Common sense comes to the rescue. How in the world can anyone possibly think that God will accept a disobedient child, especially a deliberately disobedient child? My women’s class found at least two dozen passages in the Bible to back up this little bit of wisdom. It took far longer to read them all than to find them, and concordances and topical Bibles put together by men who actually believe that nonsensical doctrine were a big help in finding those opposing passages. Do you see a problem with this picture? It takes distortion of epic proportions to put this doctrine together.
That is not the biggest fallacy though, to my mind. If I somehow had a hundred thousand dollar automobile and told you that you could have it if you would only drive me home first, would you for a minute think you had earned that car by doing so? Of course not, unless you think that your time is worth a whole lot more than I do—almost $100,000 an hour in fact. But I bet every time I needed a ride to the doctor, you would be more than happy to offer it.
To ever equate baptism and good deeds with earning salvation is to completely misunderstand the seriousness of sin, to demean the sacrifice of Christ, and devalue salvation. Obedience can never earn the sacrifice of Deity becoming flesh, living in a world of indignities, becoming subject to sin, temptation, and death, and finally being tortured and killed by the very beings He created. Nothing is equal to that sacrifice, or to Eternity in Heaven with God. Yet that very fact ought to make us even more diligent in our obedience, not less.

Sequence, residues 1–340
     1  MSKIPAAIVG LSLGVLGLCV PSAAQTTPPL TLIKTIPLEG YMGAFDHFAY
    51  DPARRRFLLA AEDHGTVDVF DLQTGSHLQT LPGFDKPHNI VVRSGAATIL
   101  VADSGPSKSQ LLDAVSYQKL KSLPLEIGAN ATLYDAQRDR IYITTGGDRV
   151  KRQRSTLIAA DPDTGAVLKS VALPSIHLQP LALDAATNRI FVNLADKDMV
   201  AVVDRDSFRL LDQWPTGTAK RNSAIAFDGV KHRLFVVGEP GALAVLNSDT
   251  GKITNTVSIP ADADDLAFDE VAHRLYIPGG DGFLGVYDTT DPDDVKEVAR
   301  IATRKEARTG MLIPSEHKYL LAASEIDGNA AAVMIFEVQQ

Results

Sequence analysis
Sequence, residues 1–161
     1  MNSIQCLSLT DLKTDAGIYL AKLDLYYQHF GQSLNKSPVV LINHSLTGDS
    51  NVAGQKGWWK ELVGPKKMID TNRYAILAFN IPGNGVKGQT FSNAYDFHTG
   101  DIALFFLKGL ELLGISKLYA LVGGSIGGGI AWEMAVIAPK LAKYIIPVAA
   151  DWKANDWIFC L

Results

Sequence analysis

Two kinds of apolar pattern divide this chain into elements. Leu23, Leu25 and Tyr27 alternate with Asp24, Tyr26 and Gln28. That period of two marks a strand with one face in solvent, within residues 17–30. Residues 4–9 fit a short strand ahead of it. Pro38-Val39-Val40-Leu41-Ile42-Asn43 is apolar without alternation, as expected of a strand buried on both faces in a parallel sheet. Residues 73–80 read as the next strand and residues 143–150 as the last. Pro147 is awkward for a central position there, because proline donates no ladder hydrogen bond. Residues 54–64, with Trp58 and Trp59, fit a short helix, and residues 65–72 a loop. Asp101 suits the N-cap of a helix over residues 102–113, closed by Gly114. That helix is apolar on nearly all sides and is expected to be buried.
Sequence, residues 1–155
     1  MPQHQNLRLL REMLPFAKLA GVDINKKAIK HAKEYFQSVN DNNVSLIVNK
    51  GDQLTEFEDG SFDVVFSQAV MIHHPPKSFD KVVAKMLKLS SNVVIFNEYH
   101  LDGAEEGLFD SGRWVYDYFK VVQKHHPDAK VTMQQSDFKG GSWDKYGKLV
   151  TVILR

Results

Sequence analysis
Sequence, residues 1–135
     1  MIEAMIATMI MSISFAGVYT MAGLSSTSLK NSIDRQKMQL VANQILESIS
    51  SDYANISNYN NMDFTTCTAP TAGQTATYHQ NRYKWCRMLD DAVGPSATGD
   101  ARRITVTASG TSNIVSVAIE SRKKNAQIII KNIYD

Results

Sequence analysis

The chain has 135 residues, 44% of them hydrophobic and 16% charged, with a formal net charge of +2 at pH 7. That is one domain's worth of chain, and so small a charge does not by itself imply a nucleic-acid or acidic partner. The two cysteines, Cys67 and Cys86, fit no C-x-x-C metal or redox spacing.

No, living a faithful life, overcoming temptation, putting up with persecution on its various levels, or even dying for our Lord will never earn us a spot in Heaven, nor will menial tasks like baptism either. What we do for God is out of gratitude for a salvation we could never have managed on our own and will never be worthy of, except as He has made us worthy with a forgiveness we do not deserve. But if we think the ingratitude of disobedience makes us worthy, we’ve simply lost our minds.
Will any one of you who has a servant plowing or keeping sheep say to him when he has come in from the field, Come at once and recline at table? Will he not rather say to him, Prepare supper for me, and dress properly, and serve me while I eat and drink, and afterward you will eat and drink? Does he thank the servant because he did what was commanded? So you also, when you have done all that you were commanded, say, 'We are unworthy servants; we have only done what was our duty. Luke 17:7-10.